Wirecard: 1.9 Billion Lies (Süddeutsche Zeitung)
Although the initial Wirecard investigations are two years old, the case hasn’t stopped producing headlines. In June 2020, financial services company Wirecard filed for insolvency after €1.9 billion (US$2 billion) went “missing.” Wirecard is suspected of fraudulent accounting activities to inflate profits, and Jan Marsalek, former COO and considered the main suspect, has been on the run, wanted on an international arrest warrant.
In 2022, newspaper Süddeutsche Zeitung released the second season of its podcast Wirecard: 1.9 Billion Lies, which included new insight into the legal proceedings against Wirecard CEO Markus Braun and research into Marsalek’s possible location — Moscow. The SZ team also dug into the trustworthiness of a key witness who alleges that many of Wirecard’s transactions and profits in Asia were simply invented, and that he himself made millions, apparently as a bonus for “special” services.
For more background into the Wirecard Affair, check out GIJN’s webinar How to Investigate a Billion-Dollar Corporate Fraud.
The Fight for Water (CORRECTIV)
With the climate crisis accelerating, conflicts over water are on the rise in Germany, and the country is getting drier. In 2019, for example, the city of Löhne in North Rhine-Westphalia rationed drinking water due to the drought. Fire brigade and police drove through the streets and called on residents to save water via loudspeakers. There are frequent legal disputes about the cost of water.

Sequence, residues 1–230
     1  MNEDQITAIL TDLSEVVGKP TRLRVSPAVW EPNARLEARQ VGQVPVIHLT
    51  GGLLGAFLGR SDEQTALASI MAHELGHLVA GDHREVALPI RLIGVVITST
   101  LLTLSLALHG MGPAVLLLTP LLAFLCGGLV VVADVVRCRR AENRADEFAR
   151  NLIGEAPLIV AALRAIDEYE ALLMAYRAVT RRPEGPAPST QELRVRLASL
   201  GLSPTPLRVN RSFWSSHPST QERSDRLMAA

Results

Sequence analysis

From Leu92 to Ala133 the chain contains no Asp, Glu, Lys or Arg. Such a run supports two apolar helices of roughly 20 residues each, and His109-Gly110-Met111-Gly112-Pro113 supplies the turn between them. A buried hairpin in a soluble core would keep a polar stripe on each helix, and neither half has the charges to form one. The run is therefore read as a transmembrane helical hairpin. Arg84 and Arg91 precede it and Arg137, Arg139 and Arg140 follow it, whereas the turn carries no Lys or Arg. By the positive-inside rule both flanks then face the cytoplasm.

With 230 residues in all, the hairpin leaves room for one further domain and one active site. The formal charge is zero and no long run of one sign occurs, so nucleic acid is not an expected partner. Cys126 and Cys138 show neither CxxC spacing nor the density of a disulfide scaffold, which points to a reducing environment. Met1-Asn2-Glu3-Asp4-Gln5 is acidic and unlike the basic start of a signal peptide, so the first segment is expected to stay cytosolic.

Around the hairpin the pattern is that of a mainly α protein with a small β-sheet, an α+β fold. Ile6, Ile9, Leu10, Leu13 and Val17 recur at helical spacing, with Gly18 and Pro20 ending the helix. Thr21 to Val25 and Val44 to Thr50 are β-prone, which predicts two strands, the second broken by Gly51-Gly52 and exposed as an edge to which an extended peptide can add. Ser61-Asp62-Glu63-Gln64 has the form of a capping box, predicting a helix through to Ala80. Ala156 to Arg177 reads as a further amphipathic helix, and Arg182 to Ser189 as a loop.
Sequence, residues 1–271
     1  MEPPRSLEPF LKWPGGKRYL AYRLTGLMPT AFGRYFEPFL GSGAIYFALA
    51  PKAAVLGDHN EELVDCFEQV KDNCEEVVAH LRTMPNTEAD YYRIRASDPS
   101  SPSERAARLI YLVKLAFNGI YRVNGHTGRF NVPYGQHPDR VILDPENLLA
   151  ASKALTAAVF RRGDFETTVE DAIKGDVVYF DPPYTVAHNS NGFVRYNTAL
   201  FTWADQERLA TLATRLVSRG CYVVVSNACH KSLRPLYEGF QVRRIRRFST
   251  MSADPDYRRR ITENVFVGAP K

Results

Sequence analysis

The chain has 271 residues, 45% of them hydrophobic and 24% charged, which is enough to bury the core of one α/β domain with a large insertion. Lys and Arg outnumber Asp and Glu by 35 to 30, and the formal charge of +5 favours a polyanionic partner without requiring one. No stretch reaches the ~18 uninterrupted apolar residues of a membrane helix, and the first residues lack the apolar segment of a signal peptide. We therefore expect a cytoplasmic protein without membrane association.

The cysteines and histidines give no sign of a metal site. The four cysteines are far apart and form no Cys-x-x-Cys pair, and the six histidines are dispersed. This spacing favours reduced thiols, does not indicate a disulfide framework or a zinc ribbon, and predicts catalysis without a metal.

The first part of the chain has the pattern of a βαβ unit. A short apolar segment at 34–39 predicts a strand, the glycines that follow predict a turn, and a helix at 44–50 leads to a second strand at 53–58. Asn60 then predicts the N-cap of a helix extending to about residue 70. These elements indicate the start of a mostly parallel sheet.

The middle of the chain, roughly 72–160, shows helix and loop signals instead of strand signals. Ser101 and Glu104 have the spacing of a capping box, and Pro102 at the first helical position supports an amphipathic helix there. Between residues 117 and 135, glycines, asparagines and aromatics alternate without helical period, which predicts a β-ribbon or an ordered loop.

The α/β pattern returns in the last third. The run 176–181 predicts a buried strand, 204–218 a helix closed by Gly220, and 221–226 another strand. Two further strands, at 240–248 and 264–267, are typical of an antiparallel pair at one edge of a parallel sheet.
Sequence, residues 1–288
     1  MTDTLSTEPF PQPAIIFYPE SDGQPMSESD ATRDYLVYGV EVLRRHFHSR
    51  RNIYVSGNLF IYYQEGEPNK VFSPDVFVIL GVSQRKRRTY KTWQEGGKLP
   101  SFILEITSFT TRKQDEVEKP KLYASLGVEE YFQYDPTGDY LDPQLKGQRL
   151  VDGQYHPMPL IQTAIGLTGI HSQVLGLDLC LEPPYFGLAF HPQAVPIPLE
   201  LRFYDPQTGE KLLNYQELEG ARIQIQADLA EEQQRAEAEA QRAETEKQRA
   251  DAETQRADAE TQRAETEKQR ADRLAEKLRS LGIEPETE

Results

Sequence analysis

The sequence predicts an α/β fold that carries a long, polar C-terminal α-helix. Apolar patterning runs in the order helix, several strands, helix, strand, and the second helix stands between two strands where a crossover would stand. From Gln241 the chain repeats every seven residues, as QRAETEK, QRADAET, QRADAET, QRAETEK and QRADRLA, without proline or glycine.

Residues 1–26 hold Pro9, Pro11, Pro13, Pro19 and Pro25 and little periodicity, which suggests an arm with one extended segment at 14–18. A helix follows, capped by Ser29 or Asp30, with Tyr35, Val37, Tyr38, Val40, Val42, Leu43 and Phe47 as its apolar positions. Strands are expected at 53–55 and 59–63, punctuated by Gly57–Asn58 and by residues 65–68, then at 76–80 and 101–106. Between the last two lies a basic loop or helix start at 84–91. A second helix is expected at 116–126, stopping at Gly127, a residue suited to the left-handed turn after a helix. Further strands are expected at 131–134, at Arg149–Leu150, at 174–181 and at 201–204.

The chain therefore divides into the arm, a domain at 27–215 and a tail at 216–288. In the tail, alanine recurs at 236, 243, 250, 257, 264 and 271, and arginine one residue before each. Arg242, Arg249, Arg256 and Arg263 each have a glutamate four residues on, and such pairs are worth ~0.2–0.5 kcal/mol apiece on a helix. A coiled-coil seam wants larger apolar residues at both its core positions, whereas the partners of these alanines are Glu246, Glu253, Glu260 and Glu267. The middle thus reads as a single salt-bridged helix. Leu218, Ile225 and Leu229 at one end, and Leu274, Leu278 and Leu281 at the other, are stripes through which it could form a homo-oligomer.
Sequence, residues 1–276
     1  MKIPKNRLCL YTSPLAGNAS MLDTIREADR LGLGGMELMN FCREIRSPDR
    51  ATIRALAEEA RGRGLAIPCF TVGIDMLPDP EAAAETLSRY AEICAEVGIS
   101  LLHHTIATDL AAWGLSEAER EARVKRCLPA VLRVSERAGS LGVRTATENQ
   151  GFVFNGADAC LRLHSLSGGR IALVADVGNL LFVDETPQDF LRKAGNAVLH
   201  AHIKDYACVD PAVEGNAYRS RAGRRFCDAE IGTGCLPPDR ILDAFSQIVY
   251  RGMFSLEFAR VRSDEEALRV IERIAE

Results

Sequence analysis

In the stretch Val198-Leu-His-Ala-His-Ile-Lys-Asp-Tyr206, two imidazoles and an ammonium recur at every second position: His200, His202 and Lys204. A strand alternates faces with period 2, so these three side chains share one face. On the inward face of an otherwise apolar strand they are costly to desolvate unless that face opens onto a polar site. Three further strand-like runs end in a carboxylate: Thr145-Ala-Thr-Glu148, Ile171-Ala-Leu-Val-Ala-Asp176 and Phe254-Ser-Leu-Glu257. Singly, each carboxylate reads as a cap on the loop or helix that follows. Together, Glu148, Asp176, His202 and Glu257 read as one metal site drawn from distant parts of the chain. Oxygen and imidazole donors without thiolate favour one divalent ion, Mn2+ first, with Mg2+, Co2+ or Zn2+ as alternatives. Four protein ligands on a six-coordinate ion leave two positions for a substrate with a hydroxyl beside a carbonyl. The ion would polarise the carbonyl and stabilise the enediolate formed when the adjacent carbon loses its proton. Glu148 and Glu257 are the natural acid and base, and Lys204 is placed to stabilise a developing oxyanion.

As part of its exposé, CORRECTIV investigated the biggest water consumers, the state of groundwater in Germany, and pointed out some possible ways out of the water crisis. They found that the biggest water users are fossil fuel industries and open-cast mines, chemical giants, and auto factories. These companies have secured rights to withdraw water from rivers, lakes, and groundwater for decades, possibly endangering future supplies to the public. CORRECTIV also designed an interactive map to visualize how the groundwater level has changed by region between 1990 and 2021.
Greta Linde is GIJN’s German editor and a freelance writer. In college, Greta started freelancing for German media outlets ZEIT Online and taz, covering such topics as contraception, loneliness during Covid lockdowns, and youth finances. She also worked at ZDF Magazin Royale, a well known German late night show, for two seasons. When not hosting panel discussions or tweeting for GIJN Deutsch, Greta can be found reading, watching football, or going on walks in Lisbon, her current home base.